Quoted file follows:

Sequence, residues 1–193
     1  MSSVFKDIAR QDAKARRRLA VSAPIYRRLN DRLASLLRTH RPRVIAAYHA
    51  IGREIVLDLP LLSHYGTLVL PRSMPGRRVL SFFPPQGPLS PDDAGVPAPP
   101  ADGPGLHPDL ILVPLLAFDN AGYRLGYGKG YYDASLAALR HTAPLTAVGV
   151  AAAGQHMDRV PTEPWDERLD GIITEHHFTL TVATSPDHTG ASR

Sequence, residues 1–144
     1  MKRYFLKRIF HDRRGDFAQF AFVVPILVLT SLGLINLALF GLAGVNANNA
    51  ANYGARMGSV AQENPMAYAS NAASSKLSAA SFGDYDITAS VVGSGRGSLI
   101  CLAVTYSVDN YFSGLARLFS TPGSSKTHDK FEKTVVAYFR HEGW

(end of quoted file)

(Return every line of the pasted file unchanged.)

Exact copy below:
Sequence, residues 1–193
     1  MSSVFKDIAR QDAKARRRLA VSAPIYRRLN DRLASLLRTH RPRVIAAYHA
    51  IGREIVLDLP LLSHYGTLVL PRSMPGRRVL SFFPPQGPLS PDDAGVPAPP
   101  ADGPGLHPDL ILVPLLAFDN AGYRLGYGKG YYDASLAALR HTAPLTAVGV
   151  AAAGQHMDRV PTEPWDERLD GIITEHHFTL TVATSPDHTG ASR

Sequence, residues 1–144
     1  MKRYFLKRIF HDRRGDFAQF AFVVPILVLT SLGLINLALF GLAGVNANNA
    51  ANYGARMGSV AQENPMAYAS NAASSKLSAA SFGDYDITAS VVGSGRGSLI
   101  CLAVTYSVDN YFSGLARLFS TPGSSKTHDK FEKTVVAYFR HEGW